• The Twins over the White Sox: Got to go with Baker over Garcia. Must wins for the Twins.
  • The Diamondbacks over the Brewers: Like this kid, Enright. Taking him over Parra
  • The Padres over the Pirates: LeBlanc wins easily over Karstens and the Pirates.
  • The Athletics over the Mariners: Going with Anderson over King Felix. The Mariners won't score.
  • The Giants over the Cubs: Lincecum should have no problems with Dempster and the Cubbies.

And the Game of the Day:

  • The Angels over the Royals: Bullington? Nope. Not going there. Haren gets the win.

Yesterday: 7-1
Week: 18-4
Month: 57-41
Season: 958-701
Games of the Day: 61-49

Mariners and Pirates Have Leadership Issues

Don Wakamatsu, last year's superstar manager, is now the Mariners' ex-manager. It can hardly be a surprise to anyone who has been watching. The sour exit of Griffey, the public battles with Chone Figgins along with the lingering Milton Bradley issues all brought about a hopeless situation for Wakamatsu. The term, "lost his players," has been tossed around a lot by big media writers. There are two ways that can happen which we'll discuss in a moment. But there was another team that cleaned some leadership house today and that was the Pirates which fired its pitching coach and its bench coach, generally considered two of the most important coaches on any staff. The manager in Pittsburgh, John Russell, said he made the call. Interesting!

First, let's deal with Seattle. Wakamatsu had several basic problems. First, the team had 85 wins last year after losing over 100 the year before. For a first season guy to have that much improvement meant that he only had one chance, to go up. Going down was not an option. The second problem Wakamatsu faced was an awful collection of misfit players given to him by his general manager. He was given two aged DH types in Griffey and Sweeney. His brain-trust told him to move two infielders from their previous positions in something akin go wife-swapping. He was saddled forever with the "will-he-or-won't-he" career of Erik Bedard. He was given a team that needed every single move to turn out right to work. Everything worked out wrong.

The Fan's guess is that the way the Griffey thing went down was the beginning of the end for Wakamatsu. He was given this albatross and he had no choice but to bench Griffey when Griffey couldn't produce. Not only did Griffey have a problem with Wakamatsu because the manager had to do his job, but Griffey was an icon the front office brought in for another year. Wakamatsu couldn't win that one if he wanted to. He had no chance in that situation.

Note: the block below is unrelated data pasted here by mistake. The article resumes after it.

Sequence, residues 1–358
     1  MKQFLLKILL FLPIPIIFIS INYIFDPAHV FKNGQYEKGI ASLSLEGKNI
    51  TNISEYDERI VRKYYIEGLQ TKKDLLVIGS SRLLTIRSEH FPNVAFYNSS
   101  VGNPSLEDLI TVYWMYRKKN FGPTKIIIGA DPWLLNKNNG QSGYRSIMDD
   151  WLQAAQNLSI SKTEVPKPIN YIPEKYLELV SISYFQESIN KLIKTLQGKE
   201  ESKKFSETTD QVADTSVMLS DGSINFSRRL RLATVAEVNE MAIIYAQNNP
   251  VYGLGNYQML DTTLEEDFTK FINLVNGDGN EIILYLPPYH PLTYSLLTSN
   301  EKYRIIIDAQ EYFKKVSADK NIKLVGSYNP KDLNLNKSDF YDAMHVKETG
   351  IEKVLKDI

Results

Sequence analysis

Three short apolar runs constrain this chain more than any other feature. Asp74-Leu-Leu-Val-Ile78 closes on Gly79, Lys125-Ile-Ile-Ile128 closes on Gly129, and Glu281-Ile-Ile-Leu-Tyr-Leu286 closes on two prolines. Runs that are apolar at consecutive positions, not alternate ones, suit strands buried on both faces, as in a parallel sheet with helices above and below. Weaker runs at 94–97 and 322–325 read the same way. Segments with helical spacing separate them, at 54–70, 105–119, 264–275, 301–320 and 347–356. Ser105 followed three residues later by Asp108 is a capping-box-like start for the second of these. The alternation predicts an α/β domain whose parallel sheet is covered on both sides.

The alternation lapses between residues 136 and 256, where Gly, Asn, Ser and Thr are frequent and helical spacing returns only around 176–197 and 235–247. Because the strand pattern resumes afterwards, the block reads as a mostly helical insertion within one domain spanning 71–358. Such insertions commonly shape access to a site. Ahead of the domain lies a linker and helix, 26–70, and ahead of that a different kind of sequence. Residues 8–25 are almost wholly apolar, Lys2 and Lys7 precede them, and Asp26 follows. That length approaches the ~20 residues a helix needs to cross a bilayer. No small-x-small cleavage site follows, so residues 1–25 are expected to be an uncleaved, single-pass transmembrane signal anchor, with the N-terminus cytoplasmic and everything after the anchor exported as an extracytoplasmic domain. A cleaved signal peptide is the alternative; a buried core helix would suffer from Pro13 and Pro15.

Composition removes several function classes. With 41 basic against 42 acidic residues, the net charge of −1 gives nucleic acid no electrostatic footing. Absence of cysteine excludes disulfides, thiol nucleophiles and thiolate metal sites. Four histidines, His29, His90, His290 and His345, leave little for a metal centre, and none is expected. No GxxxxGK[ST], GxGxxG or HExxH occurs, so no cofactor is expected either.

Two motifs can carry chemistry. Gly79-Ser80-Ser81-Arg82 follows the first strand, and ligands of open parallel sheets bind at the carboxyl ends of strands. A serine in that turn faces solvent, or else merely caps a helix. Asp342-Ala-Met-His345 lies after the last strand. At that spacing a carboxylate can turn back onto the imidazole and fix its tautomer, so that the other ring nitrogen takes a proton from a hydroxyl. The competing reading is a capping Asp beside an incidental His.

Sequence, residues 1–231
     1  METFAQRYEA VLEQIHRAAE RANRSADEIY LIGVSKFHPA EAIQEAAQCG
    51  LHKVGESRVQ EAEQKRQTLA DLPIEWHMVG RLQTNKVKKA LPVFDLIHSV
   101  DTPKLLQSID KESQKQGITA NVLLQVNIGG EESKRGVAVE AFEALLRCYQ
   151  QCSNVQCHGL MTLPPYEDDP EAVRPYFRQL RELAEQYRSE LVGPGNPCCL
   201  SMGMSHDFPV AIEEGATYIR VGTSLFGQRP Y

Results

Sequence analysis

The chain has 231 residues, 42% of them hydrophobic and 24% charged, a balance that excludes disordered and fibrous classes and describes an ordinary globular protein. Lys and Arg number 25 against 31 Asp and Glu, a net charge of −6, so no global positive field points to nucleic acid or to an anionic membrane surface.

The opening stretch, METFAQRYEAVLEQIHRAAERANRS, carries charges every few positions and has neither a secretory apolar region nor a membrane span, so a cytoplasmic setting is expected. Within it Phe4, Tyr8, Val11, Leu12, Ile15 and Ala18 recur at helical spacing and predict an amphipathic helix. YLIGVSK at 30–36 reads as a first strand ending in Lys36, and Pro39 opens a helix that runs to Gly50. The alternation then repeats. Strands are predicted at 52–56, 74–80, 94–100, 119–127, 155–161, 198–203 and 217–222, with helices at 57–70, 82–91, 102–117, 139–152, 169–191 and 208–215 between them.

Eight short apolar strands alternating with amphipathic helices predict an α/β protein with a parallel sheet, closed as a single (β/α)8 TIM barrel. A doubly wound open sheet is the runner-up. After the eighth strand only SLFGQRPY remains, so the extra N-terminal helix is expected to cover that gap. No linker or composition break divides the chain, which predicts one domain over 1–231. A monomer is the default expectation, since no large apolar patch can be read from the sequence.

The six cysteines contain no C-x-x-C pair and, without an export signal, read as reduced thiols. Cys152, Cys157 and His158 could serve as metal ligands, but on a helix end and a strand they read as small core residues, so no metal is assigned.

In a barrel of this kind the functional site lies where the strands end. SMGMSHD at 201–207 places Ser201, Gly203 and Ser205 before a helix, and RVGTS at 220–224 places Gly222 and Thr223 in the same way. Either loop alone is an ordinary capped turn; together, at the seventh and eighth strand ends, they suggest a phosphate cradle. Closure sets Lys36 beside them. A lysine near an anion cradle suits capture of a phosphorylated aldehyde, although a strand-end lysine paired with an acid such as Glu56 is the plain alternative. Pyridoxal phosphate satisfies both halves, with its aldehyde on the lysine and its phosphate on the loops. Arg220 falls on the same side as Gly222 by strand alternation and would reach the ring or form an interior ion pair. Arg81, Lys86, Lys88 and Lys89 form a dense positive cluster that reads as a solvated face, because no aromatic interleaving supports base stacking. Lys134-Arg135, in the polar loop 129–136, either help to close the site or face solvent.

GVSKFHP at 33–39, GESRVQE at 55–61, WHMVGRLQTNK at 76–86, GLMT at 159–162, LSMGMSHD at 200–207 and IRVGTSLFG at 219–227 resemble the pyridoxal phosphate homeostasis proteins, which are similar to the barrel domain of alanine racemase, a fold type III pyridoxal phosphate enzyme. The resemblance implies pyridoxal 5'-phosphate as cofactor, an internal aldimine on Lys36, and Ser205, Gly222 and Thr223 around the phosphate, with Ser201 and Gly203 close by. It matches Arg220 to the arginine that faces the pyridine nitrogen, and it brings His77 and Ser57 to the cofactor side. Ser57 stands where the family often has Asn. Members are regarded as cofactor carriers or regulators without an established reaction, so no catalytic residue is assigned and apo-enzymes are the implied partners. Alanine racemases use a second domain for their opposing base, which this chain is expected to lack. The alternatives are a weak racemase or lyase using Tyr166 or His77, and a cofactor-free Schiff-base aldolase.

The Figgins deal is harder to figure out. This Fan has never heard one ounce of negativity concerning Figgins the entire time he played with the Angels. Suddenly, with Wakamatsu and with the Mariners, he became this negative force. It is obvious that the two personalities did not work together well. But what the heck, eh? Either Mike Scioscia was a stronger man who was able to keep Figgins in check or Wakamatsu might have singled Figgins out for what happened with the Griffey "leak" during the "sleep" episode. Who knows. Clearly Figgins was a major disappointment this year and clearly Wakamatsu and he never saw eye to eye.

According to some reports the Fan read, Ichiro Suzuki was not happy about the move. First, Ichiro is widely blamed as the player who put Riggleman and McLaren on the hot seat when that pair managed the Mariners in 2008. Ichiro seemed much happier with Wakamatsu. It will be interesting to see what Ichiro does after this season.

The Fan has said it before and will trot it out one more time. The players win and lose games and the general manager is the one who chooses who those players will be. A manager can go astray if he doesn't communicate well or doesn't deal with disciplinary issues well. Perhaps there is a little of both in what happened on Monday. From this perspective, it doesn't seem much of Wakamatsu, or his coaches fault that the team performed so horribly on the field. But they are all out of a job and the guy who assembled this goulash of a team is still working.

And now a word about "losing your players." The Fan is qualified to talk about leadership as that was his bag for a long time. You can "lose your employees" in several ways. First, discipline problems can undermine what you hope to accomplish. Come down too harsh and people think you're a jerk. Don't come down hard enough and you are perceived as a patsy. You can also lose your employees when you are not honest with them. There is no indication of that being a problem here. You can lose employees with confusion over roles and responsibilities. If they are not clear or always changing, people lose faith in you, in your system and in themselves. Those are just some examples. It is unclear how Wakamatsu lost his players, but if he did, it would be something similar to one of the above.

One other note worth mentioning. Wakamatsu is another minority manager who is being replaced by a white guy (at least temporarily). So far, only the Marlins replaced a minority manager with another one and even that is temporary.

The Pittsburgh thing has a degree of intrigue to it. Pitching coach, Joe Kerrigan, and bench coach, Gary Varsho, were fired by the manager, John Russell. It's rare that a manager is the one to make these kinds of personnel decisions. But apparently he had the backing of the upper management team. There are rumors that Varsho and Kerrigan were less than supportive of their manager and were undermining him and his authority. That's a pretty heavy charge. The Yahoo Sports article about the incident as well as Pittsburgh's Post Gazette writer, Dejan Kovacevic, claim that Kerrigan and Varsho were having player meetings without the manager's approval or knowledge.